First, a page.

Advertisement

  1. ITV Report

Jeremy Corbyn says potential Trump-Johnson trade deal 'threatens climate'

Labour Party leader Jeremy Corbyn has a green vision. Credit: PA/Woodland Trust

Labour leader Jeremy Corbyn says any Donald Trump trade deal brokered by Boris Johnson would be a threat to the climate.

Unveiling plans for 10 new national parks and a radical plan to plant two billion trees to tackle the climate emergency, Mr Corbyn said leaked documents showed US officials wanted no mention of the effects of global warming.

He said the documents - first disclosed by Labour to expose an alleged plot to sell off the NHS - showed "US negotiators complaining about our controls on pesticides".

Mr Corbyn added: "They’ve even attacked our basic rules on consumer labelling including for controversial genetically modified crops. But one thing the US government absolutely refuses to discuss is the climate crisis."

Sorry, this content isn't available on your device.

Mr Corbyn, speaking in Southampton, went on: "US officials are 'emphatic' that they will, and I quote 'not include mention of greenhouse gas reductions in trade agreements' because climate change is, they say, 'very sensitive in the US'.

"Well, I don’t care how sensitive it is, this is the biggest threat to our future.

"There could scarcely be more of a contrast between the complacency and denial of Trump and Johnson and the urgency of the younger generation whose future is at stake."

Sorry, this content isn't available on your device.

A Labour government will create ten brand new National Parks, he said, increasing the total size of our National Parks by 50% meaning three-quarters of people will live within 30 minutes of a National Park.

Obvious candidates, he went on, include: the Cotswolds, the Chilterns, the North and South Pennines, Coastal Suffolk, Coastal Dorset, and the Lincolnshire Wolds.

He has committed to spending £3.7 billion in capital investment for the planting programme and habitat restoration if he wins the election.

Friends of the Earth welcomed the planting plan as “by far the most ambitious” of all the parties’ tree pledges, which are aimed at capturing atmospheric carbon to offset emissions.

Sorry, this content isn't available on your device.

Environmental degradation, potential for carbon sequestration and biodiversity net gain would be among the criteria for the areas to get the status.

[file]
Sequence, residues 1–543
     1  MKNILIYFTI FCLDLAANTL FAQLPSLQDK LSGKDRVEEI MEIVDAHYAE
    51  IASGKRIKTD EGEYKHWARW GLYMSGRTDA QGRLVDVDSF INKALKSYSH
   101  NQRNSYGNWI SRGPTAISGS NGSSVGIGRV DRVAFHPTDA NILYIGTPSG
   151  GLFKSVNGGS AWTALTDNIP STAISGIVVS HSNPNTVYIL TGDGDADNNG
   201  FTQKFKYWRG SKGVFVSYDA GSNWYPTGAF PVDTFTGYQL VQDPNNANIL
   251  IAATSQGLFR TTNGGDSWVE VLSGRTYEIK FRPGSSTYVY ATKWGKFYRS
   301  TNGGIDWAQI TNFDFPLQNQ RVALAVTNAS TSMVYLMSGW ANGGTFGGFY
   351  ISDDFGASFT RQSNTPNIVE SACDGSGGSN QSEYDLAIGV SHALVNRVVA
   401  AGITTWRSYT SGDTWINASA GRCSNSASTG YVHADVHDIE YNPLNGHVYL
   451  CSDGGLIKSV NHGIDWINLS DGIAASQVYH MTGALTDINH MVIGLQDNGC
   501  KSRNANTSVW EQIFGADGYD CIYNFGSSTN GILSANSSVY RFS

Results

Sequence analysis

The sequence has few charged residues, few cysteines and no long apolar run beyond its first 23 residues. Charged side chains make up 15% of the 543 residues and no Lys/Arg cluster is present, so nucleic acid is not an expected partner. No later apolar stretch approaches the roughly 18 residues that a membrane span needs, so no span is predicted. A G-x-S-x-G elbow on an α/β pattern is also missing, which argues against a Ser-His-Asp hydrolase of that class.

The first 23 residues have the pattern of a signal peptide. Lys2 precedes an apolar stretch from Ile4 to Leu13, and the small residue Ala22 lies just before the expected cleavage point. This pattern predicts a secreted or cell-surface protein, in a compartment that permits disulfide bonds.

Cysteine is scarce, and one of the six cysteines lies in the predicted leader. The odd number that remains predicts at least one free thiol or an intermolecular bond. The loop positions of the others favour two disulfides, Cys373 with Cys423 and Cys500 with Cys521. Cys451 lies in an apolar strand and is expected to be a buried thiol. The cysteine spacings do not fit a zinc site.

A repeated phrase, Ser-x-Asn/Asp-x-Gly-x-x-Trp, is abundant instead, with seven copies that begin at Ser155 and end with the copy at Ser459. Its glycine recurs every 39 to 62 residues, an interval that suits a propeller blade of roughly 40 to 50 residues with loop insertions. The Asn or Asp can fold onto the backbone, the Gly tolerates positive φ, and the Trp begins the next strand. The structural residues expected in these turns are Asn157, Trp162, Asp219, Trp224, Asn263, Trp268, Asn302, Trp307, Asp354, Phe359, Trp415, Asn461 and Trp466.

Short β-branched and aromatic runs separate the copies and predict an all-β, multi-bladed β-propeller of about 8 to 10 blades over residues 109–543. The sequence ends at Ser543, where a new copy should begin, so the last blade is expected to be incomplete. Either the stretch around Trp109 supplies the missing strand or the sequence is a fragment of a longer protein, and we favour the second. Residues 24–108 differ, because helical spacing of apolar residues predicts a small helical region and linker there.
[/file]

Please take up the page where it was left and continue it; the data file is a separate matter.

Labour estimates the programmes would help create 20,000 of the one million green jobs it has pledged as part of a “green industrial revolution”.

Sorry, this content isn't available on your device.

While the plans focus solely on England, Labour wants to work with the devolved governments of Scotland, Wales and Northern Ireland to ensure “nature recovery networks” are extended across the UK.

The Liberal Democrats have pledged to plant 60 million trees a year, equating to up to 1.2 billion by 2040, while the Tories have pledged half that.

All parties have pledged to plant millions of trees to help tackle climate change. Credit: PA

"In parts of our country the air we breathe is poisoning us," added Mr Corbyn.

"Air pollution contributes to more than 40,000 deaths a year. The number is staggering."

Labour will introduce a new Clean Air Act, encouraging cleaner transport and clean air zones around our children’s schools.

Sorry, this content isn't available on your device.

Commenting on Labour’s announcement, Friends of the Earth tree campaigner Guy Shrubsole said: “This is by far the most ambitious tree-planting pledge we’ve seen from a political party.

“Tree cover in the UK needs to double as part of the fight against climate breakdown and this means adding three billion new trees, and fast.

“If sustained, Labour’s promised tree-planting rates would achieve this by 2050. While parties have been racing to make bigger trees pledges, it’s crucial to remember that trees will only help fix the climate crisis if emissions cuts happen at the same time.”

Labour said £1.2 billion from its green transformation fund would be spent on restoring natural habitats including woodland, grasslands, meadows, peat bogs and salt marshes in England.

A further £2.5 billion from the fund would be available for tree planting in national parks and in the National Forest as well as in publicly owned land such as parks and schools and in farmlands.

Watch Jeremy Corbyn's full speech below: